Keep the Chisel Sharp: Don't Let a Disordered Sense of Work Dull You

Do you work too much? You're like a chisel. If you work too much, you get dull. A dull tool is useless and dangerous.

Sharpen yourself with restful activity.

Chisels: They Get Dull

As I noted in an earlier post, I'm taking a woodworking class. In the class, I'm learning how to use chisels. 

Here's the thing about chisels: they need sharpening — often. You can't just chisel, and chisel, and chisel, and chisel, and hope for results just as good as when you started. 

The chisel dulls. And when the chisel dulls, the work it produces is useless.

Or it can be worse than useless: a dull chisel can harm the work or the hand. 

I thought about the need for sharpening the chisel when I was reading a book called Rework.

Workaholism: It Dulls the Worker

In Rework, the authors — Jason Fried and David Heinemeier Hansson — point out that workaholism is a bizarre condition — a belief that mere hours spent is somehow worthy of celebration. And it doesn't work:

Not only is this workaholism unnecessary, it's stupid. Working more doesn’t mean you care more or get more done. It just means you work more.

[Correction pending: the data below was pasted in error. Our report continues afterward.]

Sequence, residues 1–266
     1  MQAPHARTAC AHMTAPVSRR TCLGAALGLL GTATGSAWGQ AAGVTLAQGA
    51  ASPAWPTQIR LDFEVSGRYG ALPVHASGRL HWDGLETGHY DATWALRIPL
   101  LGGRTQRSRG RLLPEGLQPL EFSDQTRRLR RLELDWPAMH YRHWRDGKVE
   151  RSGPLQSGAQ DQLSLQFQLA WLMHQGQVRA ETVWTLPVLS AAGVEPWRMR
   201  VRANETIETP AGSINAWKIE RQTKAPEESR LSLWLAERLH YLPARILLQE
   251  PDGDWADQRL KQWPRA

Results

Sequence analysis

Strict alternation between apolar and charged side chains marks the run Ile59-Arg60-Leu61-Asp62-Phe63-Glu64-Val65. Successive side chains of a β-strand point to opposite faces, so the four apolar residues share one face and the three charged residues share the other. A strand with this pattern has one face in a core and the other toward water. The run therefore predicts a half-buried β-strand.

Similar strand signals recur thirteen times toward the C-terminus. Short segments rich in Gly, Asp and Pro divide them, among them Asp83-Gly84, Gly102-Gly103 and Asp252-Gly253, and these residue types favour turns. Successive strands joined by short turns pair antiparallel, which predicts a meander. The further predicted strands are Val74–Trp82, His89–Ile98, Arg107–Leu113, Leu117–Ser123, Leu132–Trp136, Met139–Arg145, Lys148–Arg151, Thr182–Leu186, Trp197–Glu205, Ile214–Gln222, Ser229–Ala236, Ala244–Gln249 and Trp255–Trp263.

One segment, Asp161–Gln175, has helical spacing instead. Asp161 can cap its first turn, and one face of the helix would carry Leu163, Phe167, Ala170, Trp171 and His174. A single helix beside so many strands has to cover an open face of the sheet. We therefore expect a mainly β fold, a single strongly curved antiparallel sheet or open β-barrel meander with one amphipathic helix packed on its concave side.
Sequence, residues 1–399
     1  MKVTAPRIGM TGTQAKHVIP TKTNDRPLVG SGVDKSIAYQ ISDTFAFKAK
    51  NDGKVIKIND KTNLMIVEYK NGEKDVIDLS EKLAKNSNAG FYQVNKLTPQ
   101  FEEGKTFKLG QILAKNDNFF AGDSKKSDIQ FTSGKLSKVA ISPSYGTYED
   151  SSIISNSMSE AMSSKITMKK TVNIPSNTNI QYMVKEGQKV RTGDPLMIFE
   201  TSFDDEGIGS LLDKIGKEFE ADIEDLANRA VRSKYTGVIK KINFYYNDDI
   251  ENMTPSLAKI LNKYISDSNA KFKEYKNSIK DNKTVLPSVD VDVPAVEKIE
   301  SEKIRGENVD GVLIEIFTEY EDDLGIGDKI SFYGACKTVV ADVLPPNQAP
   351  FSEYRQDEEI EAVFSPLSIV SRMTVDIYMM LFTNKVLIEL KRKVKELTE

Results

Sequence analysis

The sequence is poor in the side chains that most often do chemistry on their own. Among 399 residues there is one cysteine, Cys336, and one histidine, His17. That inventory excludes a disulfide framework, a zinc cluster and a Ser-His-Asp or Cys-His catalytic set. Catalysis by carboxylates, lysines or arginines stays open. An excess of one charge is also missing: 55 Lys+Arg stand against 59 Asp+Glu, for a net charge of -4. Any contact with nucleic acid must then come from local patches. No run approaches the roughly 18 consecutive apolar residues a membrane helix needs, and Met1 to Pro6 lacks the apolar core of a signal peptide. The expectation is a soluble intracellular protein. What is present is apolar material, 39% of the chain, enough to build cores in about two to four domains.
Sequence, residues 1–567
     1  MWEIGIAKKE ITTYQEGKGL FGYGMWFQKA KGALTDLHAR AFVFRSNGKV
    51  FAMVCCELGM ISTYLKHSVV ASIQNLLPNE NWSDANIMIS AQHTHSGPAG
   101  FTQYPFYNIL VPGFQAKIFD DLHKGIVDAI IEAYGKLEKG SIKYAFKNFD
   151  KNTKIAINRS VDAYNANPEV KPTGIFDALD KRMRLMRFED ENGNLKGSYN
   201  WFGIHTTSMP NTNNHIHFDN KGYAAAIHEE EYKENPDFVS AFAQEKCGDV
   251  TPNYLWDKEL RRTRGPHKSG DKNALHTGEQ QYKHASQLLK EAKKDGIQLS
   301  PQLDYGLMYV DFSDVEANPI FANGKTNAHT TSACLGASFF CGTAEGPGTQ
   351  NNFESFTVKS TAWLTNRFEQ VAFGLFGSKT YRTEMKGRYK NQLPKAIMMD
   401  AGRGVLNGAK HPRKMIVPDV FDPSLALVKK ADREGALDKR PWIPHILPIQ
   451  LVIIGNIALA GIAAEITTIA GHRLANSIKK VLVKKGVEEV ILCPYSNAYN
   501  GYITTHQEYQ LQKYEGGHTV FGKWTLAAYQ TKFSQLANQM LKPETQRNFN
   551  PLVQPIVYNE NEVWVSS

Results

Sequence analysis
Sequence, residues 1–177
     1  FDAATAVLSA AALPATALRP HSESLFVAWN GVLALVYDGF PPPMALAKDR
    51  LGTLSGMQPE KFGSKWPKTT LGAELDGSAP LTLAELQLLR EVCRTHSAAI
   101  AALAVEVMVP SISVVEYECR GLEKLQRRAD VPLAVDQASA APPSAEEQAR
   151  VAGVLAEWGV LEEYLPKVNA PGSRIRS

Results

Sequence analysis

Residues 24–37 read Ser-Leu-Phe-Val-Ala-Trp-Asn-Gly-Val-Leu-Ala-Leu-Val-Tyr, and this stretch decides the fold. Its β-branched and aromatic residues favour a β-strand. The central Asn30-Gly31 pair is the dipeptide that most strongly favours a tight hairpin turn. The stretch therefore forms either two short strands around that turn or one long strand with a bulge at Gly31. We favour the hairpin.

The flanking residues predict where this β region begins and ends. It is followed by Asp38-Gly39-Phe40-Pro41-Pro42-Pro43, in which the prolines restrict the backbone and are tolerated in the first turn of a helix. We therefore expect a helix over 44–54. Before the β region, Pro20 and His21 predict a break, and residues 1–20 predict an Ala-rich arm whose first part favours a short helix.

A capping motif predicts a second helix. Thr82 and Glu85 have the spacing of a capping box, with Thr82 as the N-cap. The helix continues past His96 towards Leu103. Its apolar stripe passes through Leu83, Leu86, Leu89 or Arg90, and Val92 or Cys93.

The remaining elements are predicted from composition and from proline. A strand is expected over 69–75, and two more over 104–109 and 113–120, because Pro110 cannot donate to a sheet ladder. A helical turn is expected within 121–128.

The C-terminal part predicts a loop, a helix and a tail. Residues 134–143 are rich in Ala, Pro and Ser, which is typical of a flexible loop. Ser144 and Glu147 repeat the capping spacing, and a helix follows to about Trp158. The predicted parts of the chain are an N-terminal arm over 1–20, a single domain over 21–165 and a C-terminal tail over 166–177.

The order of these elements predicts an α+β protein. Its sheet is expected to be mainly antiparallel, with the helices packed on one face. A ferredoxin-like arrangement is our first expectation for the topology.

The attitude of "more work, more hours" is a kind of forcing of something dull, as with a too-worn chisel:

Workaholics miss the point, too. They try to fix problems by throwing sheer hours at them. They try to make up for intellectual laziness with brute force.

And the brutal dullness of the workaholic attitude harms the finished product:

If all you do is work, you’re unlikely to have sound judgments. Your values and decision making wind up skewed.

Think of yourself as a kind of living instrument — you're here to get important work done. Don't dull yourself; take the time to keep yourself sharp.

Strengthen and Sharpen Yourself — Recuperate by Changing Your Activity

I'll finish with this from St Josemaría Escrivá:

I have always seen rest as time set aside from daily tasks, never as days of idleness. 
Rest means recuperation: to gain strength, form ideals and make plans.
In other words it means a change of occupation, so that you can come back later with a new impetus to your daily job. — The Furrow, 514